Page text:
The most dreaded letter

I became so enamored of Episcopal bishop John Spong’s “non-theistic” Christianity that I started attending a midweek Bible class at a liberal Episcopal church. I knew my atheism represented a major difference between myself and most, if not all, of my classmates, so not wanting to misrepresent myself, I gave my blog address to everyone (I had just posted twice about atheism), and asked them to let me know if they had any questions. They didn’t. I was surprised, but I realized that, from their perspective, I might have shared too much too soon, or that my blog wasn’t their cup of tea, or that they hadn’t even looked at it. But, after decades of having Christians react to the A word as if I had dumped a bucket of cold water over their heads, my best guess was that their warm welcome to me had just been irrevocably withdrawn. I attended the next class, but I had no idea what anyone was thinking.

Last week was the week from hell that I wrote about in my last post, so I emailed the priest who leads the class to let her know I was too sick to attend. She expressed her concern, but I had thought that, perhaps, others would too given how sick I was, and when they didn’t, my doubts about whether I was welcome became that much greater. Now, I don’t know if I’ll go back. If I do, I’ll worry that I’m imposing myself on people who don’t want me around, but if I don’t, I’ll wonder if my expectation that they would reach out to me regarding my health and/or my beliefs were unrealistic. If thats the case, when and how should I have shared my atheism? Should I have waited a year and told only those whom I thought could handle it, as if it were some humiliating secret that only close friends should know? And why would I, an atheist who has no interest in conversion, have gone to a Bible study in the first place? I’ll tell you.

*Whatever else it is, the Bible is an interesting book, and I enjoy studying and discussing it.

*I value community with those who ask serious questions.

*Living with pain is hard, and I need support.

*Instead of isolating myself from people who think differently than I, I want to seek them out and find the good in them.

*I want to hear what religion means to people. The fact that I don’t believe in it doesn’t mean I’m uninterested.

*I want to learn whatever Christians of depth and maturity might have to teach me about matters of importance such as patience, forgiveness, fortitude, and compassion.

*I want to serve as a bridge between believers and non-believers, and with this in mind, I saw my attendance as a gift. I even fantasied myself hosting a meeting in which I answered questions about atheism--and why I became an atheist--that is if anyone cared, and it was hard for me to imagine that they wouldn’t, not that what I imagine necessarily has any bearing on anyone elses reality.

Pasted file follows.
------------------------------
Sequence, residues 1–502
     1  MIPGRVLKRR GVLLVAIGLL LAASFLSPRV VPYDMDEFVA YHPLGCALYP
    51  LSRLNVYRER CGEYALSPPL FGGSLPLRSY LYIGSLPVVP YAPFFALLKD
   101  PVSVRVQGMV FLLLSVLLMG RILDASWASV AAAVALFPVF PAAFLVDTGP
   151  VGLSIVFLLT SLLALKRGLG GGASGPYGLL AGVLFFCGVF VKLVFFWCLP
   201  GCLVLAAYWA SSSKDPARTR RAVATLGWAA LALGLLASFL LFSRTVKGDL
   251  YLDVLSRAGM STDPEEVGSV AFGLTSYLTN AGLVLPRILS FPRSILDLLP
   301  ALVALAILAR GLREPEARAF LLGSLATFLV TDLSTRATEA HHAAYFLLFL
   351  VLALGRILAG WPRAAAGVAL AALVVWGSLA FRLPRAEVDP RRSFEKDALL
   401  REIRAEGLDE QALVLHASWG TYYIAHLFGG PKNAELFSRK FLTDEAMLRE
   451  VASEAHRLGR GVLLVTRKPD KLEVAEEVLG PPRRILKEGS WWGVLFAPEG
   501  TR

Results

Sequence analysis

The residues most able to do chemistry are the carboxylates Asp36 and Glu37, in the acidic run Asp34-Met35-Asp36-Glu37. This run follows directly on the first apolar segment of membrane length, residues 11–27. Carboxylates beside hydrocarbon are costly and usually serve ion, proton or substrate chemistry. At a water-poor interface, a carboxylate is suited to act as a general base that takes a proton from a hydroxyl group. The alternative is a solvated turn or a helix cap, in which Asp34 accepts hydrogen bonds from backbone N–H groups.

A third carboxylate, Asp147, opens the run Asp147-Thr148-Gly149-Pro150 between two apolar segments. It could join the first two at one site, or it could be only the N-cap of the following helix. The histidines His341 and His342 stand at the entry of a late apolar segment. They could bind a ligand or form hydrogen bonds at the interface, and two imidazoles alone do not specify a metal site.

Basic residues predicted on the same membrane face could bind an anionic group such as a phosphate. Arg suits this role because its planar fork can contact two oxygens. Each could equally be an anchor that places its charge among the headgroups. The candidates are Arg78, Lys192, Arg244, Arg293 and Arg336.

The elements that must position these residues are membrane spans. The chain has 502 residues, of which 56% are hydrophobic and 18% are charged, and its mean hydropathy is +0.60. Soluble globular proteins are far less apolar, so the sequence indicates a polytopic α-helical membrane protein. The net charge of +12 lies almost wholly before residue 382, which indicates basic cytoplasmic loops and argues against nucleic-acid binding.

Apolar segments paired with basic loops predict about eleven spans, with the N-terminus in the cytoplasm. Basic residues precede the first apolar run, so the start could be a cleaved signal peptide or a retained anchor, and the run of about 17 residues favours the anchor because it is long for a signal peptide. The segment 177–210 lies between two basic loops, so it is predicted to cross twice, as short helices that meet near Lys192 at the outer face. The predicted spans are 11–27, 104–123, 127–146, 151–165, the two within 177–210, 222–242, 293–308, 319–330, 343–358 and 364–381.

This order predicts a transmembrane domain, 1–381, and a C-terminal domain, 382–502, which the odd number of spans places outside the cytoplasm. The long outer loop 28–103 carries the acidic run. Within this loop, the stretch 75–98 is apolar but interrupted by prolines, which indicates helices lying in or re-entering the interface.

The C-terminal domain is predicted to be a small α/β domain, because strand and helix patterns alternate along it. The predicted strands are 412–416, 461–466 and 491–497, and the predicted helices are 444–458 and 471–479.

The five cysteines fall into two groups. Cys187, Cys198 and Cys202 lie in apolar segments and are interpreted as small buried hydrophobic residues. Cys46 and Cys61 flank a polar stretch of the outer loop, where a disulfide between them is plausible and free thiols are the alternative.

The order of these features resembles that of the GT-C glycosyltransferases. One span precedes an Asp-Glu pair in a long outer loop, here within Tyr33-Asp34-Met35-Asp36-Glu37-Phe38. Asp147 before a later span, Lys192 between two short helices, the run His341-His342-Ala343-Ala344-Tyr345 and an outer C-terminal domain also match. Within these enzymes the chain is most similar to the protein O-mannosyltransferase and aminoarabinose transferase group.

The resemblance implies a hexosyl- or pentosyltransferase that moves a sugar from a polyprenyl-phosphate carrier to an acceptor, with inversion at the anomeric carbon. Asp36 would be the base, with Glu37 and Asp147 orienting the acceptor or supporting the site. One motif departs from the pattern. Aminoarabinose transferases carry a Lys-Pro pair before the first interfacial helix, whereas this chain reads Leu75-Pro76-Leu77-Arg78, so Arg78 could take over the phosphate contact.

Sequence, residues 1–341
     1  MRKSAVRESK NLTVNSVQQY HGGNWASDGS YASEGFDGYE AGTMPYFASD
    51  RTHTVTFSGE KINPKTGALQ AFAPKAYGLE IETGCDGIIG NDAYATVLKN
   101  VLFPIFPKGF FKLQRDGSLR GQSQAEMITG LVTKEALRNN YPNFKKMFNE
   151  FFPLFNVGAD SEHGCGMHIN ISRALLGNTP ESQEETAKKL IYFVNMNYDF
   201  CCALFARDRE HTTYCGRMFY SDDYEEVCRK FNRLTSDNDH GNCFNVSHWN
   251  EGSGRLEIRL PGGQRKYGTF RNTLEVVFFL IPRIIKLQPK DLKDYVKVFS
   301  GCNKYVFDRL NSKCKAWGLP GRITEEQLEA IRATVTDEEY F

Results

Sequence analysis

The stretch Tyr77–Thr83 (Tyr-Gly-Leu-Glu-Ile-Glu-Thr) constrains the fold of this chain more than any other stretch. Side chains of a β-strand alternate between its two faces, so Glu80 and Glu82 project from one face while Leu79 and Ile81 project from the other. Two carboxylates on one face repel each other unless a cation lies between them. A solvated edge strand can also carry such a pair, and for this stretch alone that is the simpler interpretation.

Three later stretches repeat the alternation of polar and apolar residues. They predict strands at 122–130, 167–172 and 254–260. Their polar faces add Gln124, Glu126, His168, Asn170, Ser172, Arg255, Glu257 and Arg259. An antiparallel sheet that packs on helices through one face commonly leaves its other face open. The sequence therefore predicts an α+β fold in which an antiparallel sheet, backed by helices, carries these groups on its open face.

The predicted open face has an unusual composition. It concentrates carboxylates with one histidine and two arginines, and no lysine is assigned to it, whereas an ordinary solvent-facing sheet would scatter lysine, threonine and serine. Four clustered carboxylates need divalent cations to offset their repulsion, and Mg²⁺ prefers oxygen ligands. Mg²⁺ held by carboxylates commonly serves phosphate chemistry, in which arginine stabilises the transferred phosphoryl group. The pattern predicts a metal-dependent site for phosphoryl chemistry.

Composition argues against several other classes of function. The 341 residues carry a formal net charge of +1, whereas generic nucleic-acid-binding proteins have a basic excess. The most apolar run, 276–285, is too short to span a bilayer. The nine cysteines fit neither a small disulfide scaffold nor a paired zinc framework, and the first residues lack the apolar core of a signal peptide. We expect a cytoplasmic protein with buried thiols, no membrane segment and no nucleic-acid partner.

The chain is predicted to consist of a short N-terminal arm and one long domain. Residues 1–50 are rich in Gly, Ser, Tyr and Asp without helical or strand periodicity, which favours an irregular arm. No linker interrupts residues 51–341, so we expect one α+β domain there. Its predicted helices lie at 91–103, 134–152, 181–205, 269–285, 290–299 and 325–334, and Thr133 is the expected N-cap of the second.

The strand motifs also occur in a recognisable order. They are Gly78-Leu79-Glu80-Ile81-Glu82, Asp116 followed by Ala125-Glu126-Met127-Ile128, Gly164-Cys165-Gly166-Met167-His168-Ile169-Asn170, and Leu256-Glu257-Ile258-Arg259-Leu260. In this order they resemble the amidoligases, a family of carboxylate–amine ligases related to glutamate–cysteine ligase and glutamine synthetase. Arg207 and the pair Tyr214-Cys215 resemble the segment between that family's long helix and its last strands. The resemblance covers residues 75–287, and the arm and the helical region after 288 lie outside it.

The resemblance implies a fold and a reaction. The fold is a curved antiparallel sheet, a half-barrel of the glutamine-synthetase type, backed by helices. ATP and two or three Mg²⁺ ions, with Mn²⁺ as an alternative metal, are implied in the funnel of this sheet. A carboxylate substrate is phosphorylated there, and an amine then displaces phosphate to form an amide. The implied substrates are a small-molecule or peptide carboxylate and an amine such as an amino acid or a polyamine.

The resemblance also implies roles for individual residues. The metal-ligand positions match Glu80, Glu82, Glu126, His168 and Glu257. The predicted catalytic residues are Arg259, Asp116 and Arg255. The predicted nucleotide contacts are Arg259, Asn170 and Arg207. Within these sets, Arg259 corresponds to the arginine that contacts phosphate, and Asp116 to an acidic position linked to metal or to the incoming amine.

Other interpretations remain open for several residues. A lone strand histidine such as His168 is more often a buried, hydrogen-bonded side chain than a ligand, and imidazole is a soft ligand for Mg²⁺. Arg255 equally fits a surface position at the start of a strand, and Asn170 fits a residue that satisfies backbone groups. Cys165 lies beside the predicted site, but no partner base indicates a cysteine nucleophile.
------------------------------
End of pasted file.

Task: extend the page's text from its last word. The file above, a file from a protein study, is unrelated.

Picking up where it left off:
* I’m in accord with Progressive Christianity. I couldn’t be a Progressive Christian because I dont worship Jesus, but I could commune with them on the basis of their desire to interact fully and equally with people who see the world in different ways. 

*I enjoy elaborate rituals and beautiful sanctuaries, and no church ever pleased me more in these regards than the Episcopal (not that I imagined I would attend services much).

*I admire the Episcopal Church for its willingness to take unpopular stands regarding women’s rights and homosexuality. So far as I’m aware, no other church in the Anglican communion has half the guts, compassion, or devotion to justice of the American Episcopal. As it is treated by its fellow Anglicans, so are people like myself treated by nearly everyone, and this gives me a feeling of kinship through oppression.
If I’m right, and I’m no longer welcome at St. _____ because of my atheism, does this not suggest that the church serves as a fort behind which timid believers huddle in fear and loathing of the Great Beast of Secularism that threatens their tenuous faith? I am but one atheist, and I went to them on their turf and on their terms (meaning that I would show respect for their beliefs). Where is their love for people such as I? I really don’t know. Maybe it was there, and I didn’t see it (not after sharing the fact of my atheism anyway); or maybe they didn’t show it because they didn’t understand how awkward it was for me to reach out to them; or maybe my sensitivity caused me to imagine rejection where it didn’t exist; or, just maybe, they really would prefer that I not come back. Having never known a Christian (except on this blog) who wanted to be my friend once I said I was an atheist, I think I have my answer. Yet, having felt kicked around by Christians since I was a teenager, I’ve come to expect more of the same, and this makes it almost impossible for me to know how to approach them or how to interpret their behavior when I do. All I know is that when I have nothing to go by but my feelings, I can but go by my feelings, and my feelings are that something isn’t right.

Obviously, the people whom this is about might read it. I would never write about someone in order to influence them, but by the same token, I realize that I can never assume that any given person who ever had the address of this blog isnt reading it regularly even if I haven’t seen him or her in years. It is simply my resolve that this not influence me in the least. Otherwise, my reason for writing would be defeated.

It is now the next day, and I’ve been thinking about your comments. I realized as I went through them that I was, subconsciously, putting these people through a test. That made sense on one level because it offered the possibility of clarifying my situation in a hurry. But on another level, it was appallingly cynical, like saying, “I'm so convinced that you’re not worthwhile, that I'm willing to risk blowing you out of the water by giving you an exam five minutes after we meet."